144. Feelin’ groovy

In an act of rebellion, we painted the walls magnolia. Chocolate brown paintwork. Paper lantern lampshades. Habitat redcurrant accessories. Tasteful. Our first flat may have lacked a certain something, amenity wise – the bath was in the kitchen, so you could wash both potatoes and real toes simultaneously – but the decoration was the bee’s knees.

Ma and Pa had their first flat in the fifties, and very contemporary it was too. Red carpet, clean lines. They’d gone to the Ideal Home Exhibition and been taken by the look of a shelving unit bearing pot plants. Pa thought he’d have a go at making one; indeed, he did make one and it looked good until he put it on the wall. At which point, it lurched to one side. History doesn’t record what happened to the pot plants.

“I say,” said their GP, who was making a home visit to one of us kids. “I do like your asymmetric shelves. Very fashionable.”

“I made them myself,” replied Pa, modestly.

In the Sixties, we moved north of the river to a Thirties house. Eventually Ma and Pa made the décor their own by replacing the creams and greens of the original with modern, up to the minute colours. LittleBro’s box room was painted violet on three walls; the forth ‘feature’ wall being a deep purple. The rest of the house was much less radical, being largely orange. The kitchen had fashionable polystyrene ceiling tiles, with a slight brown splodge from when Ma forgot to take the lid off a tin of sponge pudding and it exploded.


Far out, man!

The good folk who lived here – the bungalow to which ActorLaddie and I moved about eighteen months ago – must have partaken of the same psychedelic mushrooms in the summer of love. I have just finished painting over the orange paintwork in the hall and replaced the mustard colour hessian wallcovering. Next up is the kitchen: acid yellow/orange/brown wall tiles, green walls, brown melamine units and our old friends, polystyrene ceiling tiles. The work involved in doing the kitchen is well beyond our pay grade, involving relaying gas and water pipes and a complete replastering. So on Monday, Mr Cheerible arrives and, for a month or so, we are going to be without a kitchen, while all the gubbins from the kitchen will be in the living room.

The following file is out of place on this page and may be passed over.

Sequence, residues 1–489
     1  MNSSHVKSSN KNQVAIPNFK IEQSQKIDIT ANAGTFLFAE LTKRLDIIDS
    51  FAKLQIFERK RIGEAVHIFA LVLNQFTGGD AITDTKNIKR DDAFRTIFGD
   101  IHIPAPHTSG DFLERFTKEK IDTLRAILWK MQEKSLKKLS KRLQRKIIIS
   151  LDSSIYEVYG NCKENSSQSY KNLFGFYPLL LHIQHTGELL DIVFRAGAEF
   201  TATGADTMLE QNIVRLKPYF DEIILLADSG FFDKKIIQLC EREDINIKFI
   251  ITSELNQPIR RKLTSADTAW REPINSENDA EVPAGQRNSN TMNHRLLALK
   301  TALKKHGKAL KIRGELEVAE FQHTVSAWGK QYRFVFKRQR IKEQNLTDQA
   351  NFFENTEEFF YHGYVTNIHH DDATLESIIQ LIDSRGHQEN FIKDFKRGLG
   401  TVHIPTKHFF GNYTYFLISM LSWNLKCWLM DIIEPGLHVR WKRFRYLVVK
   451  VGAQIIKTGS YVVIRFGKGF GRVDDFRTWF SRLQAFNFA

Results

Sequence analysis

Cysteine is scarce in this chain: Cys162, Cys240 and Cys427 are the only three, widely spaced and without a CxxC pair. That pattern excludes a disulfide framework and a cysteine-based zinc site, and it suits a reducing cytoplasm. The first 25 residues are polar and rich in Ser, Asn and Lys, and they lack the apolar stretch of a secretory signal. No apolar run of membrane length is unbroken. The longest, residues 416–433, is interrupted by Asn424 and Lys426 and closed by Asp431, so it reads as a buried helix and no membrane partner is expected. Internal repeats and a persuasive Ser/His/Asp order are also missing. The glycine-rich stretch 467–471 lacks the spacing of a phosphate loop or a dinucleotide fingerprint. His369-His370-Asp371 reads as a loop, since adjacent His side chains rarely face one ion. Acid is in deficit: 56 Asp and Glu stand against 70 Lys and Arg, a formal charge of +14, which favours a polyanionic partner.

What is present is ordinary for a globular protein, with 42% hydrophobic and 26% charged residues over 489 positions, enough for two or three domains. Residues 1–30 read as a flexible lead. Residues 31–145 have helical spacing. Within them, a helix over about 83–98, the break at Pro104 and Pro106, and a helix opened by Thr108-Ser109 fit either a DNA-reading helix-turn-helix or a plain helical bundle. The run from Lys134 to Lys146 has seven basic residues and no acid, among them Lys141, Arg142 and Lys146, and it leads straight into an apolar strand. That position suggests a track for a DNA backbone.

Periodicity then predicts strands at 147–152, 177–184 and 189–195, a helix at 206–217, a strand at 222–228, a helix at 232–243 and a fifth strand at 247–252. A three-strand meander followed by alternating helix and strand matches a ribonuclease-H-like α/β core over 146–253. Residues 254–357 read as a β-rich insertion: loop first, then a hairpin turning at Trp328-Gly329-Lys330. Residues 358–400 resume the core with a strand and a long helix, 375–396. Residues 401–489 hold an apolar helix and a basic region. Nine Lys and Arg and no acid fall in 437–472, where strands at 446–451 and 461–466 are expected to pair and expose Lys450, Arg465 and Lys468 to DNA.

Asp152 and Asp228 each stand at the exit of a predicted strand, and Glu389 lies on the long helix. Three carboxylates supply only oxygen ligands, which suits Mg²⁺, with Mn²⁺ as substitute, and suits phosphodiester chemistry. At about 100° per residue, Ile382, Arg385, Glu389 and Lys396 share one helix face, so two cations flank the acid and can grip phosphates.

The very thought of the upheaval makes me want to hide under the duvet until March. In fact, looking out at the sleet, it seems to me the only sane option. Wake me up in the Spring, someone.

One response

  1. Good luck – you’ll need it … from one still in the throes of decorating!

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